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Next, create the Node.js application:

const express = require('express');
const app = express();

const http = require('http');
const socketIo = require("");
const redis = require('redis');

const server = http.createServer(app);
const io = socketIo(server, {
    cors: {
        origin: '*'


io.on('connection', socket => {
    const subscriber = getRedisClient();

    (async () => {
        await subscriber.connect();

    socket.on('subscribe.test', () => {
        subscriber.subscribe('test', (message, channel) => {
            console.log(`Received ${message} from ${channel}`);

            socket.emit(channel, message);

        console.log('Subscribed to test');
        socket.emit('test', 'Subscribed to test')

    socket.on('disconnect', () => {


const getRedisClient = () => {
    const redisClient = redis.createClient({
        socket: {
            host: 'redis',
            port: 6379

        .on('error', function (err) {
            console.error('Redis error: ', err);

    redisClient.on('ready', () => {
        console.log("Connected to Redis!");

    return redisClient;
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This app creates a server that will listen on port 5000. After the client connects to the sockets, several things happen. First, a connection to Redis is established. When a message is received from Redis, it will be sent to the frontend application with the same channel name and payload.

Next, the socket listens for a message with the key subscribe.test. If the frontend sends such a message, Redis will start listening for messages on the test channel and forwarding them to the frontend.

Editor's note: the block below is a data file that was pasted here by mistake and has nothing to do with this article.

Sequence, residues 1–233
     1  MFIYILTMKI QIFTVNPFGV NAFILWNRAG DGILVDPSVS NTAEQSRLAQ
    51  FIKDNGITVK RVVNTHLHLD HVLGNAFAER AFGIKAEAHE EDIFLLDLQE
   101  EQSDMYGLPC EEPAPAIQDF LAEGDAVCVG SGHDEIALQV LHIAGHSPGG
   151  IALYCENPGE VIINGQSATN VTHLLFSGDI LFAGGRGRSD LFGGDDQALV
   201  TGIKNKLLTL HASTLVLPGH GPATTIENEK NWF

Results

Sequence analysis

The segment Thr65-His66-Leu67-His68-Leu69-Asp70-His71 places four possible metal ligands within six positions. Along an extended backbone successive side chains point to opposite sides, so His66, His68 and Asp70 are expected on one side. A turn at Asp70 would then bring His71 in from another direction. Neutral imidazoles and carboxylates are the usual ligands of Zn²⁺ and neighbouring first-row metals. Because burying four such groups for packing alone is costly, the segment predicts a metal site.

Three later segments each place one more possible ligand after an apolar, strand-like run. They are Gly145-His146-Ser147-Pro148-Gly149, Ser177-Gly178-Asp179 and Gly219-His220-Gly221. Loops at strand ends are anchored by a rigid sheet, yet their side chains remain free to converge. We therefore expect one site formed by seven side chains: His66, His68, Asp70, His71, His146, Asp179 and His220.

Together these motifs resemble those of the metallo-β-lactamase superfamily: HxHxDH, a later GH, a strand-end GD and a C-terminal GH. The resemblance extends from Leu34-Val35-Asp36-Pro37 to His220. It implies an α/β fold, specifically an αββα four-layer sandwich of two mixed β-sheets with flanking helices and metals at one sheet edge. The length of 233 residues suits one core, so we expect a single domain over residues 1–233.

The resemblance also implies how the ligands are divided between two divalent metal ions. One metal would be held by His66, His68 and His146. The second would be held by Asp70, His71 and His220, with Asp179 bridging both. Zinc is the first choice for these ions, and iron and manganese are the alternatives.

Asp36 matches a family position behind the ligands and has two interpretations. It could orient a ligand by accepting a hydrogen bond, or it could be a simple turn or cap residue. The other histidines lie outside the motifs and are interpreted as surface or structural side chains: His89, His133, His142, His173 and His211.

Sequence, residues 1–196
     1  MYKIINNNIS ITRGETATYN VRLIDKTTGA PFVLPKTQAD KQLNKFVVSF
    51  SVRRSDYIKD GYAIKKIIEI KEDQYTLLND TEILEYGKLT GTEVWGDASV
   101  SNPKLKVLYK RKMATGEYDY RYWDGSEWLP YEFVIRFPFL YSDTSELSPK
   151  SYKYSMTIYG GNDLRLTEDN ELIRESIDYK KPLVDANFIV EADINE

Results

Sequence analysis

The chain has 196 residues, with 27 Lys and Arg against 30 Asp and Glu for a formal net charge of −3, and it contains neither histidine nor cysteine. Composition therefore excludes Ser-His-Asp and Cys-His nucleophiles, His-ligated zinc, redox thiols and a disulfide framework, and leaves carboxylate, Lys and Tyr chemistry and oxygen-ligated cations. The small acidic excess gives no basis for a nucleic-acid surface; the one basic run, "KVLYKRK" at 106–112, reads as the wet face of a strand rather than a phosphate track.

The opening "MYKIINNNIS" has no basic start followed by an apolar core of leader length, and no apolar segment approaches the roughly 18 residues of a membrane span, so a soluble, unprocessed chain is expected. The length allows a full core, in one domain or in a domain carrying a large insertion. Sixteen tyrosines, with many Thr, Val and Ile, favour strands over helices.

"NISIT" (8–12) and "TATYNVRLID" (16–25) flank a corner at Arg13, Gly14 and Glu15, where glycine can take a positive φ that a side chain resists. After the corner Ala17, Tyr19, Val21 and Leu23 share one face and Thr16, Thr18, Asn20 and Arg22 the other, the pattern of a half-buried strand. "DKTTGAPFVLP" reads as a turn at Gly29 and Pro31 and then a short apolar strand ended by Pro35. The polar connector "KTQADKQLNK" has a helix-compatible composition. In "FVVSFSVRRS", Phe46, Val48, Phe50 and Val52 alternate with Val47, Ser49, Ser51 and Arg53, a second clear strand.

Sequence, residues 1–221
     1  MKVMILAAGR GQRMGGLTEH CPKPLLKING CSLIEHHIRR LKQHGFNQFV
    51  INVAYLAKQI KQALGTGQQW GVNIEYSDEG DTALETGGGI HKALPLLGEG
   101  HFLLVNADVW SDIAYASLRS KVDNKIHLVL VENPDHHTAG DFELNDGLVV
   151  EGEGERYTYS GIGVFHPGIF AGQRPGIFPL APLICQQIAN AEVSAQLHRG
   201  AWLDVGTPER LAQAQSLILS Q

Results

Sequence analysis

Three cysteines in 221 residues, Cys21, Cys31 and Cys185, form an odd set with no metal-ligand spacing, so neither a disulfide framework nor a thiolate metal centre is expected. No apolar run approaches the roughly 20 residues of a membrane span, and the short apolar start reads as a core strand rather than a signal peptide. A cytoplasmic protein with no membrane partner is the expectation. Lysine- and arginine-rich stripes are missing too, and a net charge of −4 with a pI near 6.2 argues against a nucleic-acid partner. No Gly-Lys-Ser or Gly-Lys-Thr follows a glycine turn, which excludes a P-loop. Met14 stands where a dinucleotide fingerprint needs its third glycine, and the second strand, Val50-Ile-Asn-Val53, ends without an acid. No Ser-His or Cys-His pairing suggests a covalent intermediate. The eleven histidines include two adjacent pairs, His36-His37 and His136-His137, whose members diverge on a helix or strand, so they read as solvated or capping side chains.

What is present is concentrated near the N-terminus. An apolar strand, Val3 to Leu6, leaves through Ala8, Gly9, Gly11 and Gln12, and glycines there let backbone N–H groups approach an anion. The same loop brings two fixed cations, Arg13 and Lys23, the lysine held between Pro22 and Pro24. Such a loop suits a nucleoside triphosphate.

When the client disconnects, the Redis connection is closed.

After establishing the connection and setting up event listeners, the app responds to the client with the message connected to inform them that the connection was successful.

To start the application simply run node app.js command.

Frontend application

Handling sockets on the frontend is really simple. All we need is a simple library - - which has been already used in the Node app. I created a simple html file where I import this library from a CDN server.

<!DOCTYPE html>
<html lang="en">
    <meta charset="UTF-8">
    <script src=""></script>
    const socket = io('http://localhost:5000');

    socket.on('connected', () => {
        console.log('Connected to sockets');

    socket.on('test', (event) => {
        console.log('Message from socket server');

    // socket.disconnect();
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Image description


Providing basic communication with sockets is very straightforward. It allows users to be notified of events as they occur, without the need to reload the page which makes the user experience better. An additional benefit is that we can save computing power on the backend servers because data refresh will only happen when it is actually necessary.